Who knows what happens after 10-15 years.

  2. Wonderful narration.. The Pandiyan story is interesting. I visited Munnar long long ago..But had to cut short my trip owing to personal emergency back home. It is on my list. Your post has rekindled my interest. As Nisha pointed out,sooner the better, if one needs to visit places like this.

  3. beutiful narration ....

    गणतंत्र दिवस के पावन अवसर पर आप को ढेरों शुभकामनाये

  4. I visited Munnar 2-3 years back and thought then it is still very beautiful.

  5. Amazing landscape and very beautiful photos. Your blog is full of beauties and interesting topics. I like it a lot. My compliments! NAMASTE!

  6. I have never been there but have heard a lot about this place and willing to catch all these sites with my own camera. thanks for enhancing my interest sir.
    विनायक सेन वाले मामले में यूरोपियन युनियन के हस्तक्षेप पर आपने कहा कि 'यह तो हमारे अंदरूनी मामले में हस्तक्षेप है' मुझे लगा कि कोई अपनी बीवी को बेदर्दी से मार रहा हो और राहगीर कह गुजरें कि 'उनके घर का मामला है जी' :)

  7. Hello PNS,

    You have provided plenty of information along with some lovely photos on Munnar.I never realised there is so much story behind Munnar.

    From the news papers I read that there is a court case going on between the Kerala government and the Tata Tea. The government is accusing Tata's of having encroached on unauthorised govt. land.

    I always give credit to the Britishers for giving us wonderful tea gardens,railways,armed forces,post and telegraphs and a civil administration.We have improved a lot since the day of Independence, yet the British gave us all this to start with even if it was only for serving their own purpose.

    When I was working with Avery's I used to make regular trips to Munnar for business purposes.I used to stay in Muir Cottage which had a lovely garden full of flowers.In my spare time I used to spend some time in this garden admiring the flowers.From the cottage grounds I could see a Mosque, a Church and a Temple on a hill close by and they were all close to each other.It was a lovely sight.Should I say this was a real symbol of religious harmony?

    I used to walk by a rivulet there close to the Kannan Devan Head quaters and the pure water made a gurgling sound as it flowed.It a wonderful soothing sound.

    There was a huge football ground in the town and an old cinema hall close by.I watched some movies there.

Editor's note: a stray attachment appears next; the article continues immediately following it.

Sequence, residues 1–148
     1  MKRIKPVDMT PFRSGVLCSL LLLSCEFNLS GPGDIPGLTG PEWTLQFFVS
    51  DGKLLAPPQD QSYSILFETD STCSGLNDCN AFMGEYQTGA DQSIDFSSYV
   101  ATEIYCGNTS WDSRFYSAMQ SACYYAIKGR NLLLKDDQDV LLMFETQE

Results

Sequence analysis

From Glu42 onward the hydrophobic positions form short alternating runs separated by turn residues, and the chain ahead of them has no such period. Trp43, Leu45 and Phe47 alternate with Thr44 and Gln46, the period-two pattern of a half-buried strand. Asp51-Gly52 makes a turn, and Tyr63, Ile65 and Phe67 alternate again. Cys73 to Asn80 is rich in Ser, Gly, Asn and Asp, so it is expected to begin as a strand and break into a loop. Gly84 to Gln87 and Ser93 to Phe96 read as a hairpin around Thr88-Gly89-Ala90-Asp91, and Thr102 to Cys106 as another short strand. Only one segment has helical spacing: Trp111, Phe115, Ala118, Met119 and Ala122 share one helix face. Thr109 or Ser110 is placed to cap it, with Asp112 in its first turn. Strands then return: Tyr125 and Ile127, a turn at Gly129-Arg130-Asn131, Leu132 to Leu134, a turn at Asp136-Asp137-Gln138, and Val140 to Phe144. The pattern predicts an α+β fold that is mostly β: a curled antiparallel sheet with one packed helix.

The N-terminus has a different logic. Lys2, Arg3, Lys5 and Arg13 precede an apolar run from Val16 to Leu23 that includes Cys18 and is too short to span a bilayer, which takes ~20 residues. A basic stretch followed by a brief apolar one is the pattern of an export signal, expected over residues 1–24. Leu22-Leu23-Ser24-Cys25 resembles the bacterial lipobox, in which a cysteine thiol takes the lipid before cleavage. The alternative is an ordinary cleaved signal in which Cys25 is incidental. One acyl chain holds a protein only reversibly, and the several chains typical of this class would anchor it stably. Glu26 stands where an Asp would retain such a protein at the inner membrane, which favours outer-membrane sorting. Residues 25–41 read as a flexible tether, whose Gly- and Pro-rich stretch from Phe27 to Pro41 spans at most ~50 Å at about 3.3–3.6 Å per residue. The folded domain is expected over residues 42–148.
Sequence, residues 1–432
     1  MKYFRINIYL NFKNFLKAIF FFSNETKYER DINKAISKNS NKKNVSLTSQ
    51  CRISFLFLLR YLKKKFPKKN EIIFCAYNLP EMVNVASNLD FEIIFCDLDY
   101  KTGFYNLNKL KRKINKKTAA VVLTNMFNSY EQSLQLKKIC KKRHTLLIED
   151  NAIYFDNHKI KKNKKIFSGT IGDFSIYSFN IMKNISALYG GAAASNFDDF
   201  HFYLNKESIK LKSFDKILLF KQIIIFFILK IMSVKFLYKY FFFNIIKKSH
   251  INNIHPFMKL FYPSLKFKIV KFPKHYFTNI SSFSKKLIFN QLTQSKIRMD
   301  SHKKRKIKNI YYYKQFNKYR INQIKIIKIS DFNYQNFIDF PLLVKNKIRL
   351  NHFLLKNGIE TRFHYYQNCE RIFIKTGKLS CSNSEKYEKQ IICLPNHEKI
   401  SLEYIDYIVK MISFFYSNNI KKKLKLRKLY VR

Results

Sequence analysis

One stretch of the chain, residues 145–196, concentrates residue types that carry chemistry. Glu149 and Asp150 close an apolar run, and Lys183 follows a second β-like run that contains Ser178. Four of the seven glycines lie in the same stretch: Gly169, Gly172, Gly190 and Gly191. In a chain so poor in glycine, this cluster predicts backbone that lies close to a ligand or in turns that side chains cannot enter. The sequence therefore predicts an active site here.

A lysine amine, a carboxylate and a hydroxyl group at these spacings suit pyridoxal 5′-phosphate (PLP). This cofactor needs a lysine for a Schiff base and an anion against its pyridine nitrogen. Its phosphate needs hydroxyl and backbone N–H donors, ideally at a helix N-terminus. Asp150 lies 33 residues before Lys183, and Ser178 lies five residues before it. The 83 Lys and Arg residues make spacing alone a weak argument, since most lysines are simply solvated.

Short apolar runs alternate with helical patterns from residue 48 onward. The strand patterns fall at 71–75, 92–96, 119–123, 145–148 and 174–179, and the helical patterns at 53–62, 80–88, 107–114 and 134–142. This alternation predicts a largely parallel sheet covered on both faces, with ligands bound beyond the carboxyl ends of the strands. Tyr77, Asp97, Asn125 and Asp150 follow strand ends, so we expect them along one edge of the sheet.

While driving up the hills leading to Munnar from Adimali during rainy season I could see any number of small water falls on the way,

    Your interesting post brought so many lovely memories back to me.

    Best wishes,

  8. Such wonderful country!

    Namaste & thank you for finding my blog :)

    Aloha from Honolulu
    Comfort Spiral



  9. I belive among many of the hill stations, Munnar still retains the charm. I had the good fortune to visit Munnar Time and again, each visit full on its own memories. But thanks for throwing in the histrical acpects of Munnar, Honestly I did not know most of it.

  10. Dear Subramaniyam Uncle,

    Thank you for your wishes. I changed my profile snap ... I hope u'll not get afraid now.


  11. sunder prastuti... mannar visit jaoor karna chahunga agr mauka mila to.

  12. Beautiful and informative post !

  13. even i am just back from kerala, kerala is so beautiful, so full of natutal beauty. munnar is a nice hill station

  14. I enjoy blogs like yours, full of interesting history, human as well as natural. Your post evokes a sense of wonder and mystery. You have a truly wonderful perspective.

  15. yes, munnar continues to be beautiful inspite of senseless human intervention.
    i have posted 3 blogs on munnar.came straight from my heart after a visit to munnar

  16. Sirji Pranam.In 2008,when i went to Kerala for Indian History Congress,i went to this Hill Station Munnar.Really it is wonder place.Very ifromative post.Thank You sirji.

  17. Beautiful place, very picturesque.

  18. Hi P.N. It definitely looks a wonderful place to visit!! Though a bit misty in one of the pics...

  19. i spent some lovely time in munnar during our honeymoon!!!
    really loved the tea gardens there!!!

  20. Hi P.N. Subramanian!
    Thanks for your comment at Blogtrotter Two, which is now showing an amazing village in Southern France: Saint Paul de Vence! Enjoy and have a great Sunday and week ahead!!

  21. Munnar hill station is characterized by unsullied landscapes, pristine valleys, majestic mountains, tea plantations. Munnar Tourism

  22. मुन्नार के बारे में जाना, बढिया पोस्ट,

  23. Thanks for your lovely comment.
    Awaiting for your new post.

  24. Munnar is famous for several attractions such as Chinnar Wildlife Sanctuary, Eravikulam National Park, Tata Tea Museum, CSI Church, Sita Devi Lake of Devikulam, Thoovanam Waterfalls, Sandalwood forests, Mattupety Dam, Echo point and much more.